As a Schedule I substance, it has no medical use, and it is only available through illicit black markets. Because of this, nobody even really knows what they will get in a substance marketed as heroin.
This drug can easily be “cut” with a variety of difference substances. This means that drug dealers will add other drugs or non-intoxicating substances to the drug so they can sell more of it at a lesser expense to themselves.
It’s a bit like watering down alcohol, only the agents added to heroin are much more dangerous than a bit of water. Because heroin typically comes in a white powder, clear solution, or black tar-like substance, it’s easy to hide substances of a similar appearance to the drug and pass it off as pure. This practice is so widespread that it’s expected that no heroin found on the streets is actually pure. According to the John Hopkins University, heroin can be anywhere between 3 and 99 percent pure, making the effects of any batch highly unpredictable.
Common substances that heroin can be cut with include:
None of these substances are particularly safe to be snorting or injecting directly into one’s bloodstream, but some are safer than others. Stimulants are dangerous because they can mask the signs of overdose, leading to a lack of treatment and a much higher risk of brain damage or death. Other substances don’t dissolve completely in the injection solution, which can lead to serious health problems as the particles build up or block arteries. This can lead to heart attacks and other heart conditions, including infection of the heart tissues, blockages in the brain, and liver damage.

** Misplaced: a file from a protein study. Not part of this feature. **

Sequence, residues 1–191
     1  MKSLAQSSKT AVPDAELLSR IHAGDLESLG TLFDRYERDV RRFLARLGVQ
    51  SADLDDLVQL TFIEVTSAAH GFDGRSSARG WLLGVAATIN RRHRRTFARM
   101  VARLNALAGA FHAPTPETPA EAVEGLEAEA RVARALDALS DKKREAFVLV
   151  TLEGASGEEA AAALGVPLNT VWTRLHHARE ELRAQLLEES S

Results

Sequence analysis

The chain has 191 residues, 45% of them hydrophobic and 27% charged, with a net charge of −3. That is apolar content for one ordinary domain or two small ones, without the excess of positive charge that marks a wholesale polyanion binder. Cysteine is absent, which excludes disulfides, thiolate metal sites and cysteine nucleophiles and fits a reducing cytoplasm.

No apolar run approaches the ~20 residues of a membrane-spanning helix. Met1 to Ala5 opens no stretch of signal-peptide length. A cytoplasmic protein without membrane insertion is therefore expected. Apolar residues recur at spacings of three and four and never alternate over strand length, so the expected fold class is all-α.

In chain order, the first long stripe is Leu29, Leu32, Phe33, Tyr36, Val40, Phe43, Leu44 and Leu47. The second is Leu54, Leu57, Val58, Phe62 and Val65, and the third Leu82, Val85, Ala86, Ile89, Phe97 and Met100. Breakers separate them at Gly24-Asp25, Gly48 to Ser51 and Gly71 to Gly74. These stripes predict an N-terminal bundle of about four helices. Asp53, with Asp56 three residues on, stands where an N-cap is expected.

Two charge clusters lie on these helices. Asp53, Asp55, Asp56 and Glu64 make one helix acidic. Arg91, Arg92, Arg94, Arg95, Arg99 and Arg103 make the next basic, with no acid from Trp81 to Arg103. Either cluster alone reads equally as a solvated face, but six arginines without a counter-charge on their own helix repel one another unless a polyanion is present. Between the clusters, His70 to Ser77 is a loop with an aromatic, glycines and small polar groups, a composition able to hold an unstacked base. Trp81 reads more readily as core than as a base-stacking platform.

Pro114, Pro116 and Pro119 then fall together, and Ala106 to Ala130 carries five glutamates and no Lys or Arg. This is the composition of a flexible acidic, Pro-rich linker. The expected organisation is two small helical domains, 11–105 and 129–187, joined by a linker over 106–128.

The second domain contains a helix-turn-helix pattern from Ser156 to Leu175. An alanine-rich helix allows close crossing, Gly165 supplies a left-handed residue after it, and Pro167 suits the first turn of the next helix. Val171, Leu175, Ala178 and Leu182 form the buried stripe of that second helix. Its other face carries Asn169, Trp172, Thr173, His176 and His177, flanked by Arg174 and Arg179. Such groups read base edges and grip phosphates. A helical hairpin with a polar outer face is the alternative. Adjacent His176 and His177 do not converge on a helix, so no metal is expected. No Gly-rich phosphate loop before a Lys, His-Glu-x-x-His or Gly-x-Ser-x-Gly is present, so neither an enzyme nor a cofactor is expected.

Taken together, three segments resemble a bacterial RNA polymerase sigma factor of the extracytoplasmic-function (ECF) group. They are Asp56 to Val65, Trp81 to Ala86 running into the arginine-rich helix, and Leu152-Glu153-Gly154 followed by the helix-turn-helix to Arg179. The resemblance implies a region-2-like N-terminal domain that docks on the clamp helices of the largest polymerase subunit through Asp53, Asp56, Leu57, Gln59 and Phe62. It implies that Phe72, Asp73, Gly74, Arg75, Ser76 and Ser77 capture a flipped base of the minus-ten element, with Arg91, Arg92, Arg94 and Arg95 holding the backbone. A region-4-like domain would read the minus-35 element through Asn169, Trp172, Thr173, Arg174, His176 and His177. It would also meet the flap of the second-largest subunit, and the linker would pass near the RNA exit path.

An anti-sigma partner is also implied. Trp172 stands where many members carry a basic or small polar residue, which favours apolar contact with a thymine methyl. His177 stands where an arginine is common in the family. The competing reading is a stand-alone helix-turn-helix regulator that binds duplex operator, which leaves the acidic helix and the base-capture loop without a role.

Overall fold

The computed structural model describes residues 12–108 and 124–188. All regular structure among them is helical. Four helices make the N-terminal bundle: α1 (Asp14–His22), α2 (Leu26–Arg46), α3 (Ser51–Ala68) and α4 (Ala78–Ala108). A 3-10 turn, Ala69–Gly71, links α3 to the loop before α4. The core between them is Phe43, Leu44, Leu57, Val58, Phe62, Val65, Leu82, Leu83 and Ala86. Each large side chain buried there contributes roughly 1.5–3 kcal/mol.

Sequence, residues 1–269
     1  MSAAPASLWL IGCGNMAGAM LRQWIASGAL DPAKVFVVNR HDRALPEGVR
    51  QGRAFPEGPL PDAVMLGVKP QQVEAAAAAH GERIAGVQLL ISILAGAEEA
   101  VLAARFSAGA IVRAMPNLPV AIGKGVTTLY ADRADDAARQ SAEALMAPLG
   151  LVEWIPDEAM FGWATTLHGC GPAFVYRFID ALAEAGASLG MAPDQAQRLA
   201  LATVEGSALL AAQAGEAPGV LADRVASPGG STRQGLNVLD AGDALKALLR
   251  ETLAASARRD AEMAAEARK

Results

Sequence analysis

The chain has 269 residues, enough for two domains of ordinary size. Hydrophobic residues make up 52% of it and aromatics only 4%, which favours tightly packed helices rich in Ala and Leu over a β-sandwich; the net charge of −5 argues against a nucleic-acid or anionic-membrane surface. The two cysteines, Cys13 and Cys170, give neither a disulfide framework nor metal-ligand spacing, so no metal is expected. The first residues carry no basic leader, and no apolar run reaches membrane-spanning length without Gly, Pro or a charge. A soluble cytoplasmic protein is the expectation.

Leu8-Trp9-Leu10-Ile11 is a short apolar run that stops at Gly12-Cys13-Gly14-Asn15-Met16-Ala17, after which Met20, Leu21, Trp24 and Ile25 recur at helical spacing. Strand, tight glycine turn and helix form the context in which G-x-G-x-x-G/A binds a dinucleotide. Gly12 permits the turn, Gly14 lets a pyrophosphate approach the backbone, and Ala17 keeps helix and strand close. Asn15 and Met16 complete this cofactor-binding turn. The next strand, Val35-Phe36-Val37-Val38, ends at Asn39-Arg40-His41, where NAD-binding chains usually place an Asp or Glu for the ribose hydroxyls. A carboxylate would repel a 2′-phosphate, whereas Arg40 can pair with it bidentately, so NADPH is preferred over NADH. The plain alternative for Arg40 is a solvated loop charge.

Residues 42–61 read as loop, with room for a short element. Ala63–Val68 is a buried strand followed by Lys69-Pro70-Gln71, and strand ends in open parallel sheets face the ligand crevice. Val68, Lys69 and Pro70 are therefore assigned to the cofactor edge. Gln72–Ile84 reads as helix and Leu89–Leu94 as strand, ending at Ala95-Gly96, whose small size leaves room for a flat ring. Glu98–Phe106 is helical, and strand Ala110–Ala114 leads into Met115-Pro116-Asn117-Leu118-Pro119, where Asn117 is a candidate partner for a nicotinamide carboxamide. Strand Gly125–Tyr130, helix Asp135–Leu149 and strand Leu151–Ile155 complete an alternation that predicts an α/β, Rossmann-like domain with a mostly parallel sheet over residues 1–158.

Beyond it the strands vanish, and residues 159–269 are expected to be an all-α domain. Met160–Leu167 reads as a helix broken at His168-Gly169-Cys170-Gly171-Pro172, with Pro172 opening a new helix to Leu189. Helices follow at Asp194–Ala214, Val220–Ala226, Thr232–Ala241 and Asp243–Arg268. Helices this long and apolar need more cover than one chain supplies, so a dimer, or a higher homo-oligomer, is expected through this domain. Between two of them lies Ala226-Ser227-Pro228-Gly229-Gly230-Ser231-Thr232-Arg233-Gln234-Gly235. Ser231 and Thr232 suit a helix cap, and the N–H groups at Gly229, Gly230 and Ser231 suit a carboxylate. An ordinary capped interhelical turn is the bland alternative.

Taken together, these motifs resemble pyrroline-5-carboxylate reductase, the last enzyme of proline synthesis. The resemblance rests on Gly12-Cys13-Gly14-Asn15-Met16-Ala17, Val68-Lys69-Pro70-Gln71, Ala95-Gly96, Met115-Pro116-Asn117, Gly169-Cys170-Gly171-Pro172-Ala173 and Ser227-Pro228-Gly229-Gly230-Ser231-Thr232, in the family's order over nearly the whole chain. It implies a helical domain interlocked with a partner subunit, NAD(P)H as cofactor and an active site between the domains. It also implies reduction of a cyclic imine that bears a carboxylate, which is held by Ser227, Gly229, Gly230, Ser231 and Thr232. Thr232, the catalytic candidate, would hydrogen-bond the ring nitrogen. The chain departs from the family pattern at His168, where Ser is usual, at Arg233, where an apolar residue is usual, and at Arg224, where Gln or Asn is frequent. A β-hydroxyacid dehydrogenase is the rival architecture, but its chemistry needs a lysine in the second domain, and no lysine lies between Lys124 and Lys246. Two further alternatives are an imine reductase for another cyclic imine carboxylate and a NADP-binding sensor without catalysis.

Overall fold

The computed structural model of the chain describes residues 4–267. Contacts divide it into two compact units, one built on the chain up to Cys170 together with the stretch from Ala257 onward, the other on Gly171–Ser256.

There’s also a problem with heroin users themselves cutting the drug with other intoxicants to increase the effect. Recently, reports of heroin being cut with fentanyl are alarming health experts across the nation. Fentanyl is a synthetic opioid considered to be 30-50 times more potent than heroin, with the spokesperson for the DEA saying that in its pure form, it can be deadly to the touch. The combination of these powerful opioids significantly increases the chance of overdose and death. Reports found that from late 2013 through 2014, there were at least 700 deaths related to fentanyl in the US.
Opioid overdose involves severe depression of the respiratory system and other essential bodily functions as this class of drug depresses the entire central nervous system. This can cause a user to begin to breath very slowly or take very shallow breaths to the point that not enough oxygen can reach the brain. This leads to rapid cell death, coma, and brain damage.
Heroin overdose symptoms can include: